Bronson Howard

Bronson Howard

Howard, Bronson, 1842-1908, American dramatist, b. Detroit. His plays are important in the development of American drama. He was a newspaper reporter in New York until the success of his first play, Saratoga, a farcical comedy produced in 1870. He wrote 12 subsequent plays, including Young Mrs. Winthrop (1882), one of the first American dramas of social criticism; The Henrietta (1887), a satire on business practice; and by far his most popular play, Shenandoah (1888), a Civil War drama, first unsuccessfully produced but revived the following year with great success.

See his collected plays (ed. by A. G. Halline, 1941).

Bronson Howard (October 7, 1842 in DetroitAugust 4, 1908 in Avon-by-the-Sea, New Jersey) was a well-known American dramatist. He prepared for college at New Haven, Conn., but instead of entering Yale he turned to Journalism in New York. From 1867 to 1872 he worked on several newspapers, among them the Evening Mail and the Tribune. As early as 1864 he had written a dramatic piece (Fantine) which was played in Detroit. His first important play was Saratoga, produced by Augustin Daly in 1870. It was very successful and became the first of a long series of pieces which gave Mr. Howard a foremost position among American playwrights. Among his other best-known plays are:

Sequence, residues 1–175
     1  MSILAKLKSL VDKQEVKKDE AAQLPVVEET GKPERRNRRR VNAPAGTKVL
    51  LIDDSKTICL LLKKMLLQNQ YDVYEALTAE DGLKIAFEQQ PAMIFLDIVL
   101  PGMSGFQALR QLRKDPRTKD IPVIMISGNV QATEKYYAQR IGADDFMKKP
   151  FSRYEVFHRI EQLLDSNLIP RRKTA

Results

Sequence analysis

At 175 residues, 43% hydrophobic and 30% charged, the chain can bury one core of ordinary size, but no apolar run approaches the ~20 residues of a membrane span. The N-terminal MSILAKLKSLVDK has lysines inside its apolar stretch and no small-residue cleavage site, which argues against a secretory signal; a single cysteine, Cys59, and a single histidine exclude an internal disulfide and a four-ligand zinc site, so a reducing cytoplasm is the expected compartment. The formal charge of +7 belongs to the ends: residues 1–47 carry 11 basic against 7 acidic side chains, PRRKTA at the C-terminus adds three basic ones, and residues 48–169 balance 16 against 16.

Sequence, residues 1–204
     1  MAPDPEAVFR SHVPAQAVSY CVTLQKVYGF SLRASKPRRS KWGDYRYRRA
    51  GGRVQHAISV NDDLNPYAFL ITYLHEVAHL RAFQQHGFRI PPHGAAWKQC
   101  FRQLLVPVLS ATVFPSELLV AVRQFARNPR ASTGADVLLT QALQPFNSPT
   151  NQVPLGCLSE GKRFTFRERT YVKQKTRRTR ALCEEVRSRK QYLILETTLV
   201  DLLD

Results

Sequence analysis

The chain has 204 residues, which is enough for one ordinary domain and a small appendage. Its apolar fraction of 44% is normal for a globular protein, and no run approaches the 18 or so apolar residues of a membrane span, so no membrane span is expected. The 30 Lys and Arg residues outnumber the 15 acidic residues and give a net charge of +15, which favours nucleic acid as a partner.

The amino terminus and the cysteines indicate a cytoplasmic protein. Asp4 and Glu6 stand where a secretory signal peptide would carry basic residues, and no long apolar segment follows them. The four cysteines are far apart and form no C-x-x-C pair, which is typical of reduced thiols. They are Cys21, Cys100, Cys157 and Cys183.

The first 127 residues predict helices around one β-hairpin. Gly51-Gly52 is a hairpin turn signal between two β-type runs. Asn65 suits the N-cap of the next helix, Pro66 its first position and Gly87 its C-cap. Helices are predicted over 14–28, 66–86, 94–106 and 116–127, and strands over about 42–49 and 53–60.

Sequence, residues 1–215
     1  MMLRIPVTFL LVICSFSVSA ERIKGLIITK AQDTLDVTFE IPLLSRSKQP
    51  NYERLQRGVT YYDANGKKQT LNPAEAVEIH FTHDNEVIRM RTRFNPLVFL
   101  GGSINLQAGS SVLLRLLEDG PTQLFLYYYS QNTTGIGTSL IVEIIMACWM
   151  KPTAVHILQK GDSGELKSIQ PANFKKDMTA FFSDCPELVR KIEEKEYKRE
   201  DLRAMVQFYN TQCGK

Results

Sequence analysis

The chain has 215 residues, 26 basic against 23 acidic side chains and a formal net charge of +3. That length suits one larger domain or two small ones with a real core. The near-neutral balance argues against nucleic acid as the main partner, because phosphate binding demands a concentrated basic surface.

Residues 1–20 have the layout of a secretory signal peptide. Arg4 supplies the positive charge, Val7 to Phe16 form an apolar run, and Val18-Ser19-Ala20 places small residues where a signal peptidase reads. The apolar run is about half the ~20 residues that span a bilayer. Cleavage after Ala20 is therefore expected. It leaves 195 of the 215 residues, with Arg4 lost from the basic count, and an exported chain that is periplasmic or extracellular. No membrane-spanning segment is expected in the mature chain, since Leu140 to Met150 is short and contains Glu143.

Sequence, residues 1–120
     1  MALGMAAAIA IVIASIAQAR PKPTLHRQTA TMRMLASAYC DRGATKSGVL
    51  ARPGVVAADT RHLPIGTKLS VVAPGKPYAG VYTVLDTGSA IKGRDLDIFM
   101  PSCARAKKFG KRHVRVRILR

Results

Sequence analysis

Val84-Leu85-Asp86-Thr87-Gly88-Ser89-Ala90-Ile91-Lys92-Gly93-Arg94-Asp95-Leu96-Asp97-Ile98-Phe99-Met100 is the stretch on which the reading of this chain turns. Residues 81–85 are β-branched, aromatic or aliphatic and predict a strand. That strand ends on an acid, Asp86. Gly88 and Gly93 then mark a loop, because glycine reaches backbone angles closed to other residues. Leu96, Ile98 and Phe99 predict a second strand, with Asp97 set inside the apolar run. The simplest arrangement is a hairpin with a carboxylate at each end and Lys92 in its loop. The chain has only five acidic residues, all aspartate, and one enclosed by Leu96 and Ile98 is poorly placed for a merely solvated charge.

• The Banker's Daughter (1878)
  • Old Love Letters (1878)
  • Young Mrs. Winthrop (1882)
  • One of our Girls (1885)
  • The Henrietta (1887; revived in 1913 as The New Henrietta)
  • Shenandoah (1889)
  • Aristocracy (1892)

In 1899 he collaborated with Brander Matthews in Peter Stuyvesant. He married a sister of Sir Charles Wyndham, the English actor, and he had homes both in New York and London, where some of his plays were no less popular than in America. Bronson Howard was a member of the American Academy of Arts and Letters.

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